Jain Vegetarianism – Our Update

Jainism is one of the few religions that mandates a vegetarian diet. Other Indian religions, including Hinduism and Mahayana Buddhism, were influenced by Jain vegetarianism, and many of the fans of these religions are also vegetarian. Of all the religions of India that advocate not eating meat, Jainism has the stringent theological stipulations regarding vegetarianism.

Ahimsa, suggesting nonviolence versus living beings, is the foundational concept in Jainism. Jains take painstaking measures to guarantee their act nonviolently in all locations of their lives, which includes not eliminating animals and/or eating meat. The reasoning behind Jain vegetarianism is the belief that all life types are holy because all creatures have an eternal soul.


The cause of this basic trouble is just the means people believe and act. If we were not upsetting to other living beings, we would not collect the karma that weighs down our souls.


Jains think that an individual’s violence versus any living animal, either straight or indirectly, leads to negative karma and suffering. A person then has to work out this bad karma in their succeeding incarnations, therefore the person’s soul remains to be captured in a cycle of fatality and rebirth.

When a person is involved in adverse actions they collect karma. Jains believe that karma is made of minute particles that we can accumulate as we believe or act. Particles can build up and weight down an individual’s soul. This will negatively impact all elements of life.

It is the Jain objective to attain liberation from the birth and death cycle. A being’s soul is never-ceasing and unbreakable, however, when we collect karma, it damages our soul and will produce a circle of fatality and rebirth of the soul. The unfavorable impacts of karma can only be overcome when the soul achieves liberation.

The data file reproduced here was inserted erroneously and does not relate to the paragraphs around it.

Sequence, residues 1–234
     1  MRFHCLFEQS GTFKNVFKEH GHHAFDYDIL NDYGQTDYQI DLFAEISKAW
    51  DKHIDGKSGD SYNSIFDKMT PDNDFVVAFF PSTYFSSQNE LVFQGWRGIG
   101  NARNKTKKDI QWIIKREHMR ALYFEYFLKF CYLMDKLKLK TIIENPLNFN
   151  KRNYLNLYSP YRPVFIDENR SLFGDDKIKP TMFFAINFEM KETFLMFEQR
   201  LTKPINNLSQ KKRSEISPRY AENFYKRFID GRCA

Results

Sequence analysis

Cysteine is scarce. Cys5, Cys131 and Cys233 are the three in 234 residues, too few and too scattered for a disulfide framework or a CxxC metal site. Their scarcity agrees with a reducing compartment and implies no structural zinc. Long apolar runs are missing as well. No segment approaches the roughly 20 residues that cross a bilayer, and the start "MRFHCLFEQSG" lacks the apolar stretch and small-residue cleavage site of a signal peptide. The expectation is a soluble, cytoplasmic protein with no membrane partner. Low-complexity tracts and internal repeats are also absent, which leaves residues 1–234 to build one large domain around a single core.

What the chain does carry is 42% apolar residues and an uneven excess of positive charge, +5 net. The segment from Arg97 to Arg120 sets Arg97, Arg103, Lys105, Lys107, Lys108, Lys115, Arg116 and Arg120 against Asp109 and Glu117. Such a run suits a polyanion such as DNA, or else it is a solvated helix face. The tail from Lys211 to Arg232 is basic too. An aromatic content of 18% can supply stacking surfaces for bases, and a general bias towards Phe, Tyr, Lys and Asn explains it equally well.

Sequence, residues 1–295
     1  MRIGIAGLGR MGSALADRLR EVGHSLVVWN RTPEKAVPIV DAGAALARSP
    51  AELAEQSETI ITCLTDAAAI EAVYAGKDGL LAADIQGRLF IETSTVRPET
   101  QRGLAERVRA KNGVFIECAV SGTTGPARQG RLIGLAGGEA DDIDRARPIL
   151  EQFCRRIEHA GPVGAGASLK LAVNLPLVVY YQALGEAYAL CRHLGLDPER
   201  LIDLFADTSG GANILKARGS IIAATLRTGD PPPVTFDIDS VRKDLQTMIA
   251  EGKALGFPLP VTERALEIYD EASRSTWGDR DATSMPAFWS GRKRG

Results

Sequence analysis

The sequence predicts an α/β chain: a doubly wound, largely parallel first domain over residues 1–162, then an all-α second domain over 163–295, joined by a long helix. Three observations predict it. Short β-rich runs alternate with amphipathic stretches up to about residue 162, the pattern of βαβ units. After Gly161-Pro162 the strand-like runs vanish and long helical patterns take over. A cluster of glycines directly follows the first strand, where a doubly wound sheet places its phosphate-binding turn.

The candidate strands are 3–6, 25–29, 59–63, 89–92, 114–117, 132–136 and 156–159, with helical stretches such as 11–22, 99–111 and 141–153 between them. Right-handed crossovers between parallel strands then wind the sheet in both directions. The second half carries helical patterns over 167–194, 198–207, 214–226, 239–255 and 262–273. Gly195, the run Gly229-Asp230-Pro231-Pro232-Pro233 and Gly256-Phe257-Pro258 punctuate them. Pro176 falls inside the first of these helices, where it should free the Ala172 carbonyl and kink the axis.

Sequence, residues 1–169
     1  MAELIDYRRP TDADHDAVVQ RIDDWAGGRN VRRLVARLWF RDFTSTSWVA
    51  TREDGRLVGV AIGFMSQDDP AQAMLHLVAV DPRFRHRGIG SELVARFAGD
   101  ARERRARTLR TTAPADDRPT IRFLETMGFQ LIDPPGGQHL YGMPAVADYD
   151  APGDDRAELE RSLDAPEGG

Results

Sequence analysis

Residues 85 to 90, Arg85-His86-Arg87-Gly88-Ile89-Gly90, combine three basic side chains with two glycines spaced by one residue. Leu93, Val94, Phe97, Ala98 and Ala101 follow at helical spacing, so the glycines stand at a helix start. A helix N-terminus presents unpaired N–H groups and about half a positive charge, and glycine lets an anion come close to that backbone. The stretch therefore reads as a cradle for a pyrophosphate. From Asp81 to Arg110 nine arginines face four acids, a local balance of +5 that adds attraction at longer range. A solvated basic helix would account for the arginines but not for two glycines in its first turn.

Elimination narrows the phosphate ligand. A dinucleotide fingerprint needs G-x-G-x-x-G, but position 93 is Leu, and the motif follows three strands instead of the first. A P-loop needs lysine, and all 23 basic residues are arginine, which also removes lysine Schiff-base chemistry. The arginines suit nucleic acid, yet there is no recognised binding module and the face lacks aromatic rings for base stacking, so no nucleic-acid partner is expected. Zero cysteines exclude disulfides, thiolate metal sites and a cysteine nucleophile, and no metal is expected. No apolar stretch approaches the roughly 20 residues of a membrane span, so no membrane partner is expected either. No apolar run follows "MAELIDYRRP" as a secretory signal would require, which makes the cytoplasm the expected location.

The utmost objective in Jainism, as in Hinduism and Buddhism, is freedom from reincarnation in order to attain Moksha, a realization of the soul’s real, changeless, undifferentiated nature.

Jains follow a lacto vegetarian or vegan diet. Lacto vegetarians consume plants and dairy products, such as milk and cheese, however do not consume eggs. Vegans just consume plants; they do not consume meat or animal products of any kind.

Jainism also stipulates added diet constraints beyond exactly what vegetarianism usually entails. Lots of Jains do not consume root vegetables, such as carrots, potatoes, garlic, or roots, for two reasons– the plants should be uprooted to be consumed and the uprooting of the plants also kills microorganisms that live around the roots.

Some Jains do not consume or eat anything from sunset to sun up to avoid mistakenly consuming bugs that come out during the night.

Some Jains are particularly concerned over human viciousness to animals in the modern-day world. For instance, they point to industrialized dairy products production as proof of brutality against cows since, with the subjugation of animals to invasive techniques and inhumane conditions, the animals are compelled to produce much more milk than is natural for them. Some Jains do not eat honey due to the fact that they view the collection of honey as violence versus bees.

In Jainism, vegetarianism is a moral imperative. Nonviolence, called Ahimsa, is the main teaching of the faith. Nonviolence is interpreted as not doing violence versus any living creature since every living being has a soul. Jains think the slaughter of animals for food lead to adverse karma that keepings an individual stuck in the cycle of reincarnation. Jains think that a vegetarian diet can assist people end up being more caring, serene, and healthy.